We arrived in Korea on this day one year ago. Happy anniversary to us! After reflecting on the year that was, here are some things I’ve learned about life in Korea.
Don’t buy into the western media hysteria over North Korea. It’s the same rhetoric I dealt with back in the early noughties when I lived here. Nothing has changed. The South Koreans are like my canary in the coal mine – when the canary stops singing, it’s time to leave in a big fat hurry.
I am super excited to be living without the burden of carrying around a bunch of keys to get inside my new home in South Korea. Maybe a keyless life is a metaphor about unburdening ourselves from a mortgage (our house settlement was last week). Whatever it is, I LOVE it.
’m having my mid-life crisis. Not a buy-a-red-convertible or get-a-hot-new-twenty-something-guy kind of mid-life crisis, but the sort you have when you get home from a three-month digital nomadding stint in Vietnam and discover that bags potatoes have jumped to $15 (seriously! WTF potatoes?). We are moving back to South Korea for an unknown period of time. Maybe a year, maybe less, maybe more.
There is an end date to this digital nomad adventure and that makes me sad. Our return date to Australia is fast approaching, nipping at my happy bubble. I am already grieving yet we are still here. A strange situation to find oneself in.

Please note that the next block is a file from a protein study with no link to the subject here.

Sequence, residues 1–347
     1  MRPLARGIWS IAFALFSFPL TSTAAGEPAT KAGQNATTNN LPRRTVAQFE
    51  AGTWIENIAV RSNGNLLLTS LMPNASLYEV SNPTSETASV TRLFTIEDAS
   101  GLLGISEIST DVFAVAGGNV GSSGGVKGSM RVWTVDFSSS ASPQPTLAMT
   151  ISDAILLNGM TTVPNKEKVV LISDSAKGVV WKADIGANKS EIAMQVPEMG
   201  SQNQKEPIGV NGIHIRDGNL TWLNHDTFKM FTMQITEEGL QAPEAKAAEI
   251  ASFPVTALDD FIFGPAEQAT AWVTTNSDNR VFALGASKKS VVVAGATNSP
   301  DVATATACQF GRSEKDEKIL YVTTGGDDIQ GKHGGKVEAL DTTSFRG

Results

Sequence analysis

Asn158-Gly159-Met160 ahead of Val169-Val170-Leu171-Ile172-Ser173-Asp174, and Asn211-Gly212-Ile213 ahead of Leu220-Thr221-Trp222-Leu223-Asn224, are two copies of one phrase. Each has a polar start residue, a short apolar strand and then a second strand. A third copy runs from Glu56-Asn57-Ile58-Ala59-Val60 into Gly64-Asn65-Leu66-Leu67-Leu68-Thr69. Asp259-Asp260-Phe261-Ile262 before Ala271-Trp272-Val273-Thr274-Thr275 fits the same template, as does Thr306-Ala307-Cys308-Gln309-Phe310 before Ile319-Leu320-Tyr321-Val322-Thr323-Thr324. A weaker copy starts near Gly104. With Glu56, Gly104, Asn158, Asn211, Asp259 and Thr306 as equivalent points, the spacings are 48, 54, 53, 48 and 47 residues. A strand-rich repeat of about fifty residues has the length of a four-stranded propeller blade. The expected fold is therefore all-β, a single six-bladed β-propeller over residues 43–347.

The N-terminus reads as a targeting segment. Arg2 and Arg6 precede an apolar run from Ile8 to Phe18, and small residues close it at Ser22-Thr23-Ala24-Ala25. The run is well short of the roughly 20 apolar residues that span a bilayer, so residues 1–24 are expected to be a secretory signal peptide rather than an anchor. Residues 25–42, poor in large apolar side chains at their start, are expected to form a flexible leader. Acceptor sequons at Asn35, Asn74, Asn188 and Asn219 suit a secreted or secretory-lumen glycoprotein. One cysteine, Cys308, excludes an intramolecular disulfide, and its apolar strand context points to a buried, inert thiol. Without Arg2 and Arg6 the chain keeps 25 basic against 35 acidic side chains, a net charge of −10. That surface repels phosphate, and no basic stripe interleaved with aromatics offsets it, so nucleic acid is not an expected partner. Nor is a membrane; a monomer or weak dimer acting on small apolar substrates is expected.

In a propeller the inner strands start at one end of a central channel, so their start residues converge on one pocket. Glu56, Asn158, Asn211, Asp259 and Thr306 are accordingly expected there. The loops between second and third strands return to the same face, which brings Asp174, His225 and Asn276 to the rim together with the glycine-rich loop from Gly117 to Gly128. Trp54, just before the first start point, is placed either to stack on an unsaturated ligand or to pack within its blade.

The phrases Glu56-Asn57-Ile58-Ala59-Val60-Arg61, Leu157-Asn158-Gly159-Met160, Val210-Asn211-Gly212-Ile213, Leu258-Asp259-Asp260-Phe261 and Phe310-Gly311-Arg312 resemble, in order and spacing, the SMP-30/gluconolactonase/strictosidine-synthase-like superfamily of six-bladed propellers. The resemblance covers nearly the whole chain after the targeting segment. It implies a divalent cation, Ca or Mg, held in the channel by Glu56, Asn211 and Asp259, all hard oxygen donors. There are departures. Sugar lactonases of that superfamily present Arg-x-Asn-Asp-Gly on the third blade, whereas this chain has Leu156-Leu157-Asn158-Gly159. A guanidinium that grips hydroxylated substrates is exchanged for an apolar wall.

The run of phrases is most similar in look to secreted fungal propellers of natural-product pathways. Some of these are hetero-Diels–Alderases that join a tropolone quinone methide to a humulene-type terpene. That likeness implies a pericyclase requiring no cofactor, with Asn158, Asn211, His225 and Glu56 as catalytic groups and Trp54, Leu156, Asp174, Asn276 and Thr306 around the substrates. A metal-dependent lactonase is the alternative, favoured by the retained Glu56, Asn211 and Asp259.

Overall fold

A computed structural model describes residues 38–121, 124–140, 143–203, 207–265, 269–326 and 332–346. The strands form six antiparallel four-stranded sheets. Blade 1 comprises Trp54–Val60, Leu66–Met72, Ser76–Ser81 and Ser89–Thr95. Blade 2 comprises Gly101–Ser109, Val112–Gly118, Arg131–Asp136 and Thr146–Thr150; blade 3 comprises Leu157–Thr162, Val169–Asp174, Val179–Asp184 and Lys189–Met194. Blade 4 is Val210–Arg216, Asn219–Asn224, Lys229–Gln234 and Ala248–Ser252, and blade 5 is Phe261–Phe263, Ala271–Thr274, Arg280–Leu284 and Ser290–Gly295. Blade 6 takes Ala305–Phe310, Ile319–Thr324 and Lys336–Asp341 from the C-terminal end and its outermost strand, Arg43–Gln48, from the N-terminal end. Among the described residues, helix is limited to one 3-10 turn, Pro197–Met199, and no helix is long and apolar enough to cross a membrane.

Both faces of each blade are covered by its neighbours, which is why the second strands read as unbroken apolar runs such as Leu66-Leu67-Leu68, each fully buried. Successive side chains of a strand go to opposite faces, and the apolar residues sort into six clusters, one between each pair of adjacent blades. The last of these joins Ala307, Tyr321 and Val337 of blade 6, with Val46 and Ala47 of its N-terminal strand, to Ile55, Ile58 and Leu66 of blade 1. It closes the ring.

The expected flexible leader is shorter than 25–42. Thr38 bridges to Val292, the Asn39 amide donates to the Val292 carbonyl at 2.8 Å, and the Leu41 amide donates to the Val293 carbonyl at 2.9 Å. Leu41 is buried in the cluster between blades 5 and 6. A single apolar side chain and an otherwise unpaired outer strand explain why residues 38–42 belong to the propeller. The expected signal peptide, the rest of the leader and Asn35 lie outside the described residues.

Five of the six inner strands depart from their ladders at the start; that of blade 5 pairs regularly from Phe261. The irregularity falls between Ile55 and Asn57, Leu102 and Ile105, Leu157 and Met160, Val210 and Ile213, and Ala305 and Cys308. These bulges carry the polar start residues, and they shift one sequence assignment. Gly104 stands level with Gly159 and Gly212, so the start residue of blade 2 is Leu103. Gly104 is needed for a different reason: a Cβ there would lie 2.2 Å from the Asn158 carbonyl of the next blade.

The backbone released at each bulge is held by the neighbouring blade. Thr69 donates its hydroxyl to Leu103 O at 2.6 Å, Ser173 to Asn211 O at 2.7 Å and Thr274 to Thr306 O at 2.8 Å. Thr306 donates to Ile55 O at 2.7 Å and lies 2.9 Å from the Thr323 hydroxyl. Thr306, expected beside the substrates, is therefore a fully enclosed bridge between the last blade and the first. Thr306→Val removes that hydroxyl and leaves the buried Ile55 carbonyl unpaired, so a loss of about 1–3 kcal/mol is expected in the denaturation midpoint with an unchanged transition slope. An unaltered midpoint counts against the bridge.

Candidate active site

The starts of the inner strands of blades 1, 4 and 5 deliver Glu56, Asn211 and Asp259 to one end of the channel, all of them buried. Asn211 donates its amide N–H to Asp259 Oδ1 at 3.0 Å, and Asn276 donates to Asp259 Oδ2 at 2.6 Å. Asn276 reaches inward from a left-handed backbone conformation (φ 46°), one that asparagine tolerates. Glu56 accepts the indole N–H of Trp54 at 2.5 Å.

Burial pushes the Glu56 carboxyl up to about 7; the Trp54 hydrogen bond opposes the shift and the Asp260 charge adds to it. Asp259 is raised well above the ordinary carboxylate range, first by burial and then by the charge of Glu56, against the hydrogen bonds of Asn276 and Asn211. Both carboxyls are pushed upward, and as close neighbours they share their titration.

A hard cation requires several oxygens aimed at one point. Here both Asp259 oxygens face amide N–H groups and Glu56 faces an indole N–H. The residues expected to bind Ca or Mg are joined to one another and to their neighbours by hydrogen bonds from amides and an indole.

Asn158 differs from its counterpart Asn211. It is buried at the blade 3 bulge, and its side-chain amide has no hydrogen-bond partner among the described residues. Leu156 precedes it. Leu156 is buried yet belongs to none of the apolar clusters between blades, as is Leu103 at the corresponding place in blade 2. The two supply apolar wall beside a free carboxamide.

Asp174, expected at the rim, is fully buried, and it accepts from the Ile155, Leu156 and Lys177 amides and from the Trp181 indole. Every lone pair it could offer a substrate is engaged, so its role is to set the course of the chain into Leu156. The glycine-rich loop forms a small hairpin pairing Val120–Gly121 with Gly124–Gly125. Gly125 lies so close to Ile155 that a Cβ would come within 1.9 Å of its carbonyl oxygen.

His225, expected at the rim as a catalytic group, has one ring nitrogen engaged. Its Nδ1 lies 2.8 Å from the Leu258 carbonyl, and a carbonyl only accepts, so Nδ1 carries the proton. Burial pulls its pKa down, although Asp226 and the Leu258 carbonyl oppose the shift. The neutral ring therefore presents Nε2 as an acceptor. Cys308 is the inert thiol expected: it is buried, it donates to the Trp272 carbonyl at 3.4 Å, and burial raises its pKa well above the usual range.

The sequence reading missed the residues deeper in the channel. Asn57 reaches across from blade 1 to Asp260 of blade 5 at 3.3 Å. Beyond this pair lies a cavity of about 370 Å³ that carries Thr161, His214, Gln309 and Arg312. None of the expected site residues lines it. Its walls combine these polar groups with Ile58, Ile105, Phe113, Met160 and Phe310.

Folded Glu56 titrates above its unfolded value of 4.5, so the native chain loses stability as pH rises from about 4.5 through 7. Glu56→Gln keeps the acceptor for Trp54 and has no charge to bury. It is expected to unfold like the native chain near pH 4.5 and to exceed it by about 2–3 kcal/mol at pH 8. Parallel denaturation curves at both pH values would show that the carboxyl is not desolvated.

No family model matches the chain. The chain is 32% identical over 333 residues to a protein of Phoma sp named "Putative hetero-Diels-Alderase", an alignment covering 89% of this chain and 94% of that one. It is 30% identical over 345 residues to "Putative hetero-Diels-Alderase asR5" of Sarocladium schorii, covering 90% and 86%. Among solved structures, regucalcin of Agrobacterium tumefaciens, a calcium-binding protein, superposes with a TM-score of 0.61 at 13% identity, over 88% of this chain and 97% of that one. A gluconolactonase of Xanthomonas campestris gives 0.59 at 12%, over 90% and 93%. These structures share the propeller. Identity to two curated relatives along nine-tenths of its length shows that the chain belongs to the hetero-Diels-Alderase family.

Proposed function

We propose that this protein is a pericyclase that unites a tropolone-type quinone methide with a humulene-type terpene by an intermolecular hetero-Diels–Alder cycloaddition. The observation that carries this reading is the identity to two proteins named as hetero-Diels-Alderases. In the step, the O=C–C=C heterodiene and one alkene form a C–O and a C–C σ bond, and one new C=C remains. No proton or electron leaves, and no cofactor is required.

It’s been almost a month since we left Melbourne and we’ve been in Nha Trang for just over two weeks. We’re getting into the groove of our daily life here. I need a lot more experience at this digital nomad thing because right now, I’m digital nomadding like a complete hack.
And so ends my second week of being a digital nomad and copywriter on the road. I suck at being a digital nomad, so I’ve taken the ‘nomad’ out of being a digital nomad and we’ve set up a home base in Nha Trang, Vietnam. No more re-packing and moving hotels and Airbnb apartments. We’ve rented a fully-furnished one bedroom apartment in a high rise, right across the road from the beach and it has the most amazing views across the city and of the long stretch of sand and sea at our doorstep.
Chào bạn! I have no idea how to pronounce it but I expect that I will learn over the next few months as Vietnam has become my temporary home as I give this whole digital nomad thing a go. I haven’t yet found a home base here, but I think that will happen next week when we reach Nha Trang. People tell me disdainfully that it’s like the Gold Coast of Vietnam. I bet I’ll love it.